The market is poised for a crash.You want proof? Just look how rate sensitve it has become.

Would you touch anything else that would fall over at a hint of a breeze?

Nah, you wouldn't, it's just that the housing market involves your investment, often your life's wealth, your place of residence, your family and your emotions. This is what makes it so hard to deal with and remain objective.

Share this post


Link to post
Share on other sites

Now the news is turning the RICS report is drivel

:lol::lol::lol:

That's rich. You lot on here spend all your time bad-mouthing the VI reports but whenever one of them says something even mildly bearish, all of a sudden it is the word of God handed down to Moses.

You bulls would be better off watching Japanese & US rate movements and the price of oil rather than debating here. There is an awful lot of money at stake and your betting that Gordon Brown's quest to become PM also fairs well for you. He could be wrong, he could be completely mis-guided and finally it is very likely he will be powerless to do anything about a crash.

The market is poised for a crash.You want proof? Just look how rate sensitve it has become.

Would you touch anything else that would fall over at a hint of a breeze?

Nah, you wouldn't, it's just that the housing market involves your investment, often your life's wealth, your place of residence, your family and your emotions. This is what makes it so hard to deal with and remain objective.

US is near top of tightening cycle. Japs won't go up much.

It's easy to remain objective if you sell houses for a living.

Share this post


Link to post
Share on other sites

That's rich. You lot on here spend all your time bad-mouthing the VI reports but whenever one of them says something even mildly bearish, all of a sudden it is the word of God handed down to Moses.

US is near top of tightening cycle. Japs won't go up much.

It's easy to remain objective if you sell houses for a living.

Japs are only just starting to hike IR:

http://www.chron.com/disp/story.mpl/ap/business/3800524.html

April 18, 2006, 3:48AM

Japanese Bond Yields Rise to 2 Percent,
2006 The Associated Press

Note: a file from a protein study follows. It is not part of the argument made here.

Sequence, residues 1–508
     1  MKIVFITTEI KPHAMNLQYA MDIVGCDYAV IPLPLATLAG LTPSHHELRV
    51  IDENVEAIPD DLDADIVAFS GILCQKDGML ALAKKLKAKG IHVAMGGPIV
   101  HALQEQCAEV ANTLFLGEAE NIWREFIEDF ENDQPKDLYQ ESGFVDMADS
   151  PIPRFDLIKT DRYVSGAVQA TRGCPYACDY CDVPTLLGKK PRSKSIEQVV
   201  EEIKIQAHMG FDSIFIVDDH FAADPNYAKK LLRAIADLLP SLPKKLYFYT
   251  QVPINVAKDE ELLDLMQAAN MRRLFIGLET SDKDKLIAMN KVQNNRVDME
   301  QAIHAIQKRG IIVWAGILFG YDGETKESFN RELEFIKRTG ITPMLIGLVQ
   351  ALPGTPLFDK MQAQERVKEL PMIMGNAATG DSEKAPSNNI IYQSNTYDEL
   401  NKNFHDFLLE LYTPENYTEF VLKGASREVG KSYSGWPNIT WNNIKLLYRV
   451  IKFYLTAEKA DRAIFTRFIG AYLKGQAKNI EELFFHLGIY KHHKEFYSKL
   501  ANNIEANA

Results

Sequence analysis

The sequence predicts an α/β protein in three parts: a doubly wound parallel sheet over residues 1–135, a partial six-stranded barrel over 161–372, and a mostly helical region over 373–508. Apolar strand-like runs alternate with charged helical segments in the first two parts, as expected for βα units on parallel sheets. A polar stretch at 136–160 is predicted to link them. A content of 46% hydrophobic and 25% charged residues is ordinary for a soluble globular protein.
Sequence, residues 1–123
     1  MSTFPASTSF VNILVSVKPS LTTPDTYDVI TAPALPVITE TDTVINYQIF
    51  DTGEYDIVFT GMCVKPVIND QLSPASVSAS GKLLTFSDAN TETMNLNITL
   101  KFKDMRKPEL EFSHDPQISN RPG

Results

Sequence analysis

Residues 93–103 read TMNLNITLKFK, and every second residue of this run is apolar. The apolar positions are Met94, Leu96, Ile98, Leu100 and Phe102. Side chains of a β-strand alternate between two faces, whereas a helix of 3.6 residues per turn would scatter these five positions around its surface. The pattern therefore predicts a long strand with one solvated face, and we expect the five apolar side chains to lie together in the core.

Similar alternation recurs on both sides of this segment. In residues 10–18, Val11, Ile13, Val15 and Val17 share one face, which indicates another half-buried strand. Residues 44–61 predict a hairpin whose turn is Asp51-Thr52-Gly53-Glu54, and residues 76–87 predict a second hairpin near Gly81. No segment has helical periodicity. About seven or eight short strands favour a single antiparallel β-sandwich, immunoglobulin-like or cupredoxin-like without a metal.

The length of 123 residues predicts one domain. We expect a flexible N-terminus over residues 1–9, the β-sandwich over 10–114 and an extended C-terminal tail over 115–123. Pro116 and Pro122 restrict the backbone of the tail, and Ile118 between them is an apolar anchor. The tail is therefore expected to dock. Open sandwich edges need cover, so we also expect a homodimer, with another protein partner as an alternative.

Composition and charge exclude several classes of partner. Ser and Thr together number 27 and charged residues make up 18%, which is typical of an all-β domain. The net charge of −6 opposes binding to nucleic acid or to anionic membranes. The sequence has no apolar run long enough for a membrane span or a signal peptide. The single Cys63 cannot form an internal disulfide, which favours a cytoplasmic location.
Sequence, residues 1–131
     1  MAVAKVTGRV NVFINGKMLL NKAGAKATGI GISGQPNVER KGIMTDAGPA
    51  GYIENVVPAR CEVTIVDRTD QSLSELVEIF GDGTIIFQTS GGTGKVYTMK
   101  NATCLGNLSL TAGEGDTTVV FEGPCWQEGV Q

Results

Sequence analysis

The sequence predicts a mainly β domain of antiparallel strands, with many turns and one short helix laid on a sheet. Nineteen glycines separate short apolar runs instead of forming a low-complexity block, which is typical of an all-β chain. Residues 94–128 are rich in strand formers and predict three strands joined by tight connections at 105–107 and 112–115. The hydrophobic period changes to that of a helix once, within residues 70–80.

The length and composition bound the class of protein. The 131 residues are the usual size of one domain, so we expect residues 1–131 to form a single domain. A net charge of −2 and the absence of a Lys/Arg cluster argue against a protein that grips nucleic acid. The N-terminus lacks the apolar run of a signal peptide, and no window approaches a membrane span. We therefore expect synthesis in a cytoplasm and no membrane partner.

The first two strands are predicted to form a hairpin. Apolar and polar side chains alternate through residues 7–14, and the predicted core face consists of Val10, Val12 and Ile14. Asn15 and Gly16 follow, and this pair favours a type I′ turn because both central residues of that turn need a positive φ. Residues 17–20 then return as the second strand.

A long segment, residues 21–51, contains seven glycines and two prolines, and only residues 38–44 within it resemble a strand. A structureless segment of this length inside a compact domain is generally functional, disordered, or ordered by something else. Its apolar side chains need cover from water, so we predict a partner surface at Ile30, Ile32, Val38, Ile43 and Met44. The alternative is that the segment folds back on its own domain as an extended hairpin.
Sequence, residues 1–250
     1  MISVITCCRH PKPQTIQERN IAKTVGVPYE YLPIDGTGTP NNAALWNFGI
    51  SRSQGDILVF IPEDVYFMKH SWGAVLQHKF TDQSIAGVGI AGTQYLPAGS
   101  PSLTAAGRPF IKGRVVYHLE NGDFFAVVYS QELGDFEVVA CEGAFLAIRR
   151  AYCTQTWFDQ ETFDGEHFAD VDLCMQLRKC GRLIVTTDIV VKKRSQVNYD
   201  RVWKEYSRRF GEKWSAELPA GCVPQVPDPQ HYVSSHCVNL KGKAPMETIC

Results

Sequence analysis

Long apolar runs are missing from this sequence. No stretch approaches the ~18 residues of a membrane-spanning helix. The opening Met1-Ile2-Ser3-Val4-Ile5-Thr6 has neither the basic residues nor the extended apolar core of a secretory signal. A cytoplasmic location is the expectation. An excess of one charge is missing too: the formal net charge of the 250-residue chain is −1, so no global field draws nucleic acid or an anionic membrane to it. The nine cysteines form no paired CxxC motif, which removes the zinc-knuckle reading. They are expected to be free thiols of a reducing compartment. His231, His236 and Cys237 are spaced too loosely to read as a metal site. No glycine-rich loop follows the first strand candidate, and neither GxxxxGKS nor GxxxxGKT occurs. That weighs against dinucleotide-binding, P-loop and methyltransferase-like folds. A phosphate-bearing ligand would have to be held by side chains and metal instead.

TOKYO — Yields on 10-year Japanese government bonds hit
2 percent Tuesday, their highest level in nearly seven years, amid expectations that the central bank will raise interest rates in coming months
.

Bernanke is not listening to the US Realtors:

http://business.timesonline.co.uk/article/...2138142,00.html

It seems, then, that there is only one convincing reason why Bernanke might tighten beyond 5 per cent or 5.25 per cent. It may turn out that 5.25 per cent is simply not high enough to slow the American economy to below trend growth. This is what many economists and investors now believe.
Consensus forecasts are now being adjusted upwards instead of downwards (as the Fed would prefer)
.

HPI of 250% and no crash? Seems highly improbable.

Share this post


Link to post
Share on other sites

Interest Rates in the states have been used to control growth in the economy. Yet the US economy, like ours, seems to be based on debt. What's going to happen when people cannot borrow any more? Well the answer is, and you lot are not going to like it, that Interest Rates are going to come down again.

And the morons that run our economy will breathe a sigh of relief and drop ours. Debt will continue to grow and so will house prices.

It's very simple. Even massive jumps in the oil price haven't caused inflation. Globalization pressures mean we are in for a long-term rough ride and low Interest Rates will be used to try to continuously stimulate demand.

Share this post


Link to post
Share on other sites

That's rich. You lot on here spend all your time bad-mouthing the VI reports but whenever one of them says something even mildly bearish, all of a sudden it is the word of God handed down to Moses.

That is the most spot on thing posted on this forum in about 3 months.

Edited by Father Fred

Share this post


Link to post
Share on other sites
Debt will continue to grow and so will house prices.

For ever and ever? Or until the level of debt becomes unsustainable?

Once bankruptcies, repossessions and redundancies start rising (perhaps at record rates), then I'll start to worry.

Share this post